An interesting debate on this topic can be found on the link below:


1) Do you believe there is life on other plants?  If yes, is there a life with an intelligence at least equal to humans?

2) If we did find life found on another planet how do you think you would react to this news?

From Wikipedia, :

“The United Nations celebrates an Earth Day each year on the March equinox, a tradition which was founded by peace activist John McConnell in 1969. A second Earth Day, which was founded by U.S. politician Gaylord Nelson as an environmental teach-in in the late 1960s, is celebrated in many countries each year on April 22.”

“Responding to widespread environmental degradation, Gaylord Nelson, a United States Senator from Wisconsin, called for an environmental teach-in, or Earth Day, to be held on April 22, 1970. Over 20 million people participated that year, and Earth Day is now observed each year on April 22 by more than 500 million people and national governments in 175 countries. Senator Nelson, an environmental activist, took a leading role in organizing the celebration, hoping to demonstrate popular political support for an environmental agenda”

“It is now observed in 175 countries, and coordinated by the nonprofit Earth Day Network, according to whom Earth Day is now ‘the largest secular holiday in the world, celebrated by more than a half billion people every year.’ Environmental groups have sought to make Earth Day into a day of action which changes human behavior and provokes policy changes.”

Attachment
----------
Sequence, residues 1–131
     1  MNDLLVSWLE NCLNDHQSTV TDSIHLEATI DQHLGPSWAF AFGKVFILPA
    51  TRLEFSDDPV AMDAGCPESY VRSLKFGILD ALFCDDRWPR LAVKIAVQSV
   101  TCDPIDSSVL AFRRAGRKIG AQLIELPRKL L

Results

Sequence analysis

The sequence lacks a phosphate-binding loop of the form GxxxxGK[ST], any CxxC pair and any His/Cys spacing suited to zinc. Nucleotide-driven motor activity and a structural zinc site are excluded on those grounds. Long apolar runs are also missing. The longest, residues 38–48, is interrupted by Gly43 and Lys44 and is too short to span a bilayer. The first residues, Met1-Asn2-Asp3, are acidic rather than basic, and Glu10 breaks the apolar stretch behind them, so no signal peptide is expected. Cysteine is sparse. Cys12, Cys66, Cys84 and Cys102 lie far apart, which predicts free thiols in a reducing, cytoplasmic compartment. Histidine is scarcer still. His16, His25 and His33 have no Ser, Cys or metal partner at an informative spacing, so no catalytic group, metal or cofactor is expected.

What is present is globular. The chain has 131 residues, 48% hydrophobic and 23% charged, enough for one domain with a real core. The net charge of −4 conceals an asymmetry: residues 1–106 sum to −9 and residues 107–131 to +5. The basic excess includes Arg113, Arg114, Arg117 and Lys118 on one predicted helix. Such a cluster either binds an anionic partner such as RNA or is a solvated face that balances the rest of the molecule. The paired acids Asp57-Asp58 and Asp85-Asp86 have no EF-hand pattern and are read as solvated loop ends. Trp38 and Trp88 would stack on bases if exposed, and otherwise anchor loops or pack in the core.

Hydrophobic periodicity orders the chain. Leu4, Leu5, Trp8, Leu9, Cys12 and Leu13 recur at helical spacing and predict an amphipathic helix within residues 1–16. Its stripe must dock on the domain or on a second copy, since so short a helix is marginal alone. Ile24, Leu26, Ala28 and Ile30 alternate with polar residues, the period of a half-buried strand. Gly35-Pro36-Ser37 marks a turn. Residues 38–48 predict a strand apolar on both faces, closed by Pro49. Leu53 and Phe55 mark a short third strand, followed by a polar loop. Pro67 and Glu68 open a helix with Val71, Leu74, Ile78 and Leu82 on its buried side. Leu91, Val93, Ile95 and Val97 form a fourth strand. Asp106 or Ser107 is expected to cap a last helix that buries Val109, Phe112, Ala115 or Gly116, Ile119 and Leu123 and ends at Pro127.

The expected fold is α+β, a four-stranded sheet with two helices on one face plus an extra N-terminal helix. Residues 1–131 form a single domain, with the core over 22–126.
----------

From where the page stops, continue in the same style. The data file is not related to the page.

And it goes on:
I remember going to going to the Yale University campus for the first Earth Day. There were speakers and music. I had fun but also learned a great deal I had not know, not bothered to think about. I learned the importance of recycling. A few links with more information: and

Recycling is a lifestyle, not a slogan. If what we have is not broken why do we need to buy a new one?  If something is broken we should try to get it fixed before we buy a new one.  Never throw anything out until we are sure we can’t use it.  Having a tag sale is better than just throwing stuff out.  We should give what we no longer want to a charity, rather than just throw it away.

We are bombarded with advertisements about great looking products, with the latest styles and newest features. We “want” them all. The first question should be do we “need” them. If we can replace the words “I want” with “I need” we will go along way to making better decisions about our resources.

The beach at dawn


This morning I dragged myself out of bed at 4:30 am and drove down to beach and watched the sunrise over the ocean.  I tried not to watch it.  I tried to feel it.  It does not matter what I did, or how I felt, yesterday.  Everyday day is a new beginning.  Wipe the slate clean.  Pretend you have just been born.  Anything is possible.  This works until my bursitis kicks in.  🙂